In our curiosity we went further and tried to figure out the distribution of domains across mail servers and after looking at the log files we spotted few ones, that showed up quite oftenly and here are the results of some log parsing:

  • mail servers handles 125.422 domains and all of them were detected with Trusted TLS state.
  • mail servers handles 35.759 domains, some of them with Trusted TLS, some of them with no TLS at all
  • mail servers handles 11.254 domains and has no TLS at all
  • mail servers handles 9.268 domains and has Trusted TLS
  • mail servers handles 8.531 domains with majority of them establishing Trusted TLS, just their redirect server having no TLS at all (
  • mail servers handles 8.262 domains and has Trusted TLS
  • mail servers handles 2.981 domains and has Trusted TLS
  • mail servers handles 1.685 domains and has no TLS at all
  • mail servers handles 2.834 domains and has Trusted TLS
  • mail servers handles 2.200 domains and has Anonymous TLS
  • mail servers handles 2.808 domains and has Trusted TLS
  • mail servers handles 3.440 domains and has mostly Anonymous TLS, but 2 of servers has no TLS at all.

For enabling DANE the prerequisite is that their domain is DNSSEC signed and also MX record resides in domain, that is DNSSEC signed. We checked for all above mail servers domains and none of them are DNSSEC signed, so even though if domains that are pointing their MX records would be signed and have a TLSA record for DANE – it would not work as the actual MX records are not secured with DNSSEC.

Somebody would say “well, they mostly have Trusted TLS, that means that their certificate was signed by trusted authority (CA)…”. That is true, but we need to understand that certificate fo every domain can be signed by any CA, so there can possibly be different signed certificates from different trusted CA agencies for (for example) In this case we are just verifying the validity of the signature in the certificate that is presented to us and we have to trust that the host presenting this certificate is the right one. With DANE verification the whole thing becomes even more secure, as a hacker would have to infiltrate a server with false signed certificate in the middle and also hack the domain name server, forge the TLSA record and sign it with correct DNSSEC key – and that rises the bar for this sort of behaviour very high.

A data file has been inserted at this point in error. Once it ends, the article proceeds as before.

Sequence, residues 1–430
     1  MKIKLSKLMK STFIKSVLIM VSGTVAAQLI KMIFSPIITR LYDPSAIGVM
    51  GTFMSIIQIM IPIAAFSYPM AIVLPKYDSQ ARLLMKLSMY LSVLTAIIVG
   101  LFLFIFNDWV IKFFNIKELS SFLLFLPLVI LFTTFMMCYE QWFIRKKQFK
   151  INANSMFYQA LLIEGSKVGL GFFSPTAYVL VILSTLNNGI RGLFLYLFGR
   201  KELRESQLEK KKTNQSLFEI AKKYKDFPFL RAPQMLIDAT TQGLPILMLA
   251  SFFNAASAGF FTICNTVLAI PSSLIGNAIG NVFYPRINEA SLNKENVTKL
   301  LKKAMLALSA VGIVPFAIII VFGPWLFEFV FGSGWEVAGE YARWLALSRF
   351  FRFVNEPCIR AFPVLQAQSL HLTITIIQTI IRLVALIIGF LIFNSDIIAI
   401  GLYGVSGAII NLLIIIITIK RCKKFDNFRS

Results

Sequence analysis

During this experiment we contacted 473.088 different mail servers that are handling mail for all those domains. 372.936 (79%) of contacted mail servers has TLS capability and the distribution of TLS verification type is as follows:

  • Anonymous TLS: 68.048
  • Untrusted TLS: 151.242
  • Trusted TLS: 153.330
  • Verified TLS: 105
  • Bad TLS (TLS connection started but failed due to bad TLS certificate): 211

Conclusions: Nearly 70% of all attempted SMTP sessions to Alexa top 1 million domains MX records were encrypted with TLS, making the inspection of the content of the session by 3rd party in the middle much harder to do – and that’s quite an impressive result. Majority of TLS connections (60%) were established with trusted certificate and that is also a very good result.

What about DANE and DNSSEC? Kudos to all mail operators from the above DANE enabled and secured mail servers – and the message to all others: DNSSEC can be done and it’s not lethal and when you sign your zone with DNSSEC and publish the DS keys – DANE becomes very easy to do – so please go ahead and do it. You’ll collectively make the Internet a bit better and more secure place.

P.S. Want to set up DNSSEC and DANE for your email servers? Please visit our Start Here page to begin…

Disclaimer: Viewpoints expressed in this post are those of the author and may or may not reflect official Internet Society positions.